Five Years After the Madrid Bombings

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The monument built in homage to the victims of the March 2004 train bombings in Atocha station in Madrid .

If the Sept. 11 attacks united, for a brief moment, the U.S.'s two political parties in patriotic determination, the March 11 attacks had exactly the opposite effect in Spain. It's been five years since Madrid awoke to the horror of the Atocha train bombings, and 18 months since Spain's national court tried and found guilty 21 people for participating in or abetting the attacks. But the breach the attacks opened in Spanish politics lingers.

The biggest terrorist attack on European soil left 191 dead, thousands injured, and a realization that the country was far more vulnerable than all but a few (mostly ignored) experts had recognized. But its longest-lasting repercussions were political: just three days after the attacks, while the governing Popular Party still insisted — despite growing evidence to the contrary — that the Basque terrorist group ETA, and not Islamist terrorists, were to blame, the country held national elections. In a surprise upset, the Socialist party, headed by José Luis Rodríguez Zapatero, beat the conservative PP, which had been in power since 1996. (See pictures of the Madrid bombing.)

"The PP found it very difficult to accept their loss," says William Chislett, author of several books on Spain. "They thought the Socialists were able to 'rob' the election because of the bombings. And the Socialists think they won because the Spanish people realized that the PP — their government — wasn't telling them the truth."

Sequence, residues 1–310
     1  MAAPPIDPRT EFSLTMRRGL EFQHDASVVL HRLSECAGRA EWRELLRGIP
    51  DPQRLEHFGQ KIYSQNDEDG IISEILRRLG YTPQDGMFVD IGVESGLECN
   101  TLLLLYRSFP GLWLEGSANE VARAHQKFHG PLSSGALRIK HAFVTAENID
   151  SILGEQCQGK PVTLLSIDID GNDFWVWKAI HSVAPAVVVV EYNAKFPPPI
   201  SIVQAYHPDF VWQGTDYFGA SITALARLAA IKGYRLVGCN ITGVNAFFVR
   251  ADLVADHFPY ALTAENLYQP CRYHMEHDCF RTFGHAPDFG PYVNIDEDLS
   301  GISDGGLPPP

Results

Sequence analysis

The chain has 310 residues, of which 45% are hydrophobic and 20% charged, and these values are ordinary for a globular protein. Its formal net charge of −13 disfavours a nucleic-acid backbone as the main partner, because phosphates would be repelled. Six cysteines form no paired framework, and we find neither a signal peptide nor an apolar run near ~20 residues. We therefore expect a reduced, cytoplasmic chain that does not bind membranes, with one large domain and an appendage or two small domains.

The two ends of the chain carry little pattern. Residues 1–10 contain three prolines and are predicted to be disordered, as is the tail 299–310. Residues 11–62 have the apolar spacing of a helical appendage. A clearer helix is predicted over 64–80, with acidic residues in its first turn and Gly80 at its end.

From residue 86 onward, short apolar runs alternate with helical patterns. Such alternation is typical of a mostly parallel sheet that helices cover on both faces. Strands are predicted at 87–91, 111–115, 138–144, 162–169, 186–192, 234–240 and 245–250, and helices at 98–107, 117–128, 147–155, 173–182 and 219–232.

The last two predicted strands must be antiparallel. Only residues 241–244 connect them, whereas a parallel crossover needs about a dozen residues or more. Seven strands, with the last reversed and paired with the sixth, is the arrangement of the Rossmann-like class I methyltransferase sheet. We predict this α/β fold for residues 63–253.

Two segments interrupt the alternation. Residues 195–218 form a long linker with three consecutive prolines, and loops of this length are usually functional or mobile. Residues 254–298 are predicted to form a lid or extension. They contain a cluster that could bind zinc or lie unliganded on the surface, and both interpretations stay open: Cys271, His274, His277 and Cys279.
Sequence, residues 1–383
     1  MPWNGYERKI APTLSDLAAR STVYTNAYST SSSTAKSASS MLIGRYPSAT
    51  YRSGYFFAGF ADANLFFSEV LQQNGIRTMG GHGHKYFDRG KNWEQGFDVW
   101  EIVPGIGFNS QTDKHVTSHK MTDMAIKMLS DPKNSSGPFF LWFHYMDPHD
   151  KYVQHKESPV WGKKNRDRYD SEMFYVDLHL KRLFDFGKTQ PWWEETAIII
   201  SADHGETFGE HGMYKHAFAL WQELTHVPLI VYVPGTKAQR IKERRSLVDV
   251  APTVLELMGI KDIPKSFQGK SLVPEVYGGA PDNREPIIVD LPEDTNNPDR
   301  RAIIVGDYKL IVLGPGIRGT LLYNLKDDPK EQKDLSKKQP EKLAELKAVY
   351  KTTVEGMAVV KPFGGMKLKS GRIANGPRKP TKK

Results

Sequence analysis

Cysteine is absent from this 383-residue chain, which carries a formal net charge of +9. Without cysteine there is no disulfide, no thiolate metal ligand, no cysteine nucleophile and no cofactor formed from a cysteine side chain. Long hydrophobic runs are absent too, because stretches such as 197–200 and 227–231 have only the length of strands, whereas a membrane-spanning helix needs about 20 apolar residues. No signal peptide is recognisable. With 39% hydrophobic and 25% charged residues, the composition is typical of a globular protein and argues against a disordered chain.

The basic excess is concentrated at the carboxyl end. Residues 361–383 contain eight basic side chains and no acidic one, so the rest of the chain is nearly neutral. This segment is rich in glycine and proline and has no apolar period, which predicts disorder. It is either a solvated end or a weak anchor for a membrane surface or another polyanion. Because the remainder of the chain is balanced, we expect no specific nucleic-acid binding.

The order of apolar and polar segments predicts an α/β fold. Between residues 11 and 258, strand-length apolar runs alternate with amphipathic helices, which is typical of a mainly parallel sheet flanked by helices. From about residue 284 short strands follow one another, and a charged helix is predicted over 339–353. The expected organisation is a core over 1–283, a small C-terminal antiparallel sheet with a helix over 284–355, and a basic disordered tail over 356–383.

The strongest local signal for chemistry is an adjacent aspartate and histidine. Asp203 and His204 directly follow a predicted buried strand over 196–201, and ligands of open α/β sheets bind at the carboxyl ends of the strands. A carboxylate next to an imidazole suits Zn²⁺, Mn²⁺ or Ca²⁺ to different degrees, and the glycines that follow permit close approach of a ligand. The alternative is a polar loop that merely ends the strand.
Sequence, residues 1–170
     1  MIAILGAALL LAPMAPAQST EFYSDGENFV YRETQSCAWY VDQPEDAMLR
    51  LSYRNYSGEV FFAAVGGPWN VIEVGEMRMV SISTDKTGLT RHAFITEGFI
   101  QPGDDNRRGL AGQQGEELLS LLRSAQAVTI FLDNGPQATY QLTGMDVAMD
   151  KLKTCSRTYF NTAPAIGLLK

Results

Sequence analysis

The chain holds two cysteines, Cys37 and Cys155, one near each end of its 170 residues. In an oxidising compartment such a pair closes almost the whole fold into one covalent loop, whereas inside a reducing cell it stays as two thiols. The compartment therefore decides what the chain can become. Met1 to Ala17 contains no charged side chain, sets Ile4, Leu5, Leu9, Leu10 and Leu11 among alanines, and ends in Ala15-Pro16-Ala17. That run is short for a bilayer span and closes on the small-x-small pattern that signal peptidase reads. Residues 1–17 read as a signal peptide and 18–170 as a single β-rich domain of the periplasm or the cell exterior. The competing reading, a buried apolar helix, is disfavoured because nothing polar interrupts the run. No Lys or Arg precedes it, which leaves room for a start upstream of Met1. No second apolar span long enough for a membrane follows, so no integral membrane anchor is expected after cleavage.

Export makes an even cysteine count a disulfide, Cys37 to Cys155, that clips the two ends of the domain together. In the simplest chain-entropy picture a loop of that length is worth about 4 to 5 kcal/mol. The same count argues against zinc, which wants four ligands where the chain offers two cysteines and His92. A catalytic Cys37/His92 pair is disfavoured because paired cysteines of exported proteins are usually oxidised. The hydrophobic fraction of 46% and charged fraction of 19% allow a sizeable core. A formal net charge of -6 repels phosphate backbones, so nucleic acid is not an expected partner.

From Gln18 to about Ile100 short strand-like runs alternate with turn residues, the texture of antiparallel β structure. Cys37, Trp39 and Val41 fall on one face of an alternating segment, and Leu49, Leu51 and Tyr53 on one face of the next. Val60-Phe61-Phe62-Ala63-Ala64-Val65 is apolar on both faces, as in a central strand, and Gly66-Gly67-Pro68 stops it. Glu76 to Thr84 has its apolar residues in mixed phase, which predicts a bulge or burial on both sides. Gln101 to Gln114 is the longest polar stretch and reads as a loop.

Over the next four years, the breach widened. Zapatero's first move after taking office was to pull Spain's troops out of Iraq — a measure that was one of the major planks of his campaign platform, but which his opponents interpreted as capitulation to al-Qaeda's demands. In an effort to both clear its own name and, no doubt, undermine support for the Socialists, the PP continued to insist that ETA had a hand in the attacks, and that the government was covering it up. (See pictures of al-Qaeda.)

Over the course of Zapatero's first term, the PP requested that the government answer hundreds of questions about the alleged cover-up, while party leader Mariano Rajoy went so far as to suggest that a key piece of physical evidence — a backpack loaded with explosives — may have been planted in order to lend credence to the Islamist theory. These doubts were fanned by the center-right newspaper El Mundo, and Catholic radio station COPE into a full-fledged conspiracy campaign. Yet even after the country's national court found absolutely no connection between ETA and the Madrid attacks, Rajoy said that his party would "continue to support" any further investigation. The Socialists, in turn, responded by accusing the opposition of exploiting the victims for political gain.

"It had a huge political impact," says philosopher Fernando Savater, who in 2007 founded the centrist Union for Progress and Democracy party in an attempt to forge a third way between the two major parties. "Both the government and the opposition managed the attacks in partisan terms."